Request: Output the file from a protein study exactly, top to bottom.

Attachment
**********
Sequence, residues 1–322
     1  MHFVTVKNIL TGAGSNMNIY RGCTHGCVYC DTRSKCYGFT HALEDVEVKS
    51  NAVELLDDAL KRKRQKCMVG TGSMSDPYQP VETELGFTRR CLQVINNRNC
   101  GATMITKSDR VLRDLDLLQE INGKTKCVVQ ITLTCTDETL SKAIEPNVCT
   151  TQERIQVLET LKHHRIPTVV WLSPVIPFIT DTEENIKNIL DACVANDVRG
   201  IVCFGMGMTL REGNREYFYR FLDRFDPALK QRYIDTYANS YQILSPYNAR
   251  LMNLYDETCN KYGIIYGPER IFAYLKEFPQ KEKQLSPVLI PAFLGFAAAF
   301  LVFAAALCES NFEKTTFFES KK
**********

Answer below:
Sequence, residues 1–322
     1  MHFVTVKNIL TGAGSNMNIY RGCTHGCVYC DTRSKCYGFT HALEDVEVKS
    51  NAVELLDDAL KRKRQKCMVG TGSMSDPYQP VETELGFTRR CLQVINNRNC
   101  GATMITKSDR VLRDLDLLQE INGKTKCVVQ ITLTCTDETL SKAIEPNVCT
   151  TQERIQVLET LKHHRIPTVV WLSPVIPFIT DTEENIKNIL DACVANDVRG
   201  IVCFGMGMTL REGNREYFYR FLDRFDPALK QRYIDTYANS YQILSPYNAR
   251  LMNLYDETCN KYGIIYGPER IFAYLKEFPQ KEKQLSPVLI PAFLGFAAAF
   301  LVFAAALCES NFEKTTFFES KK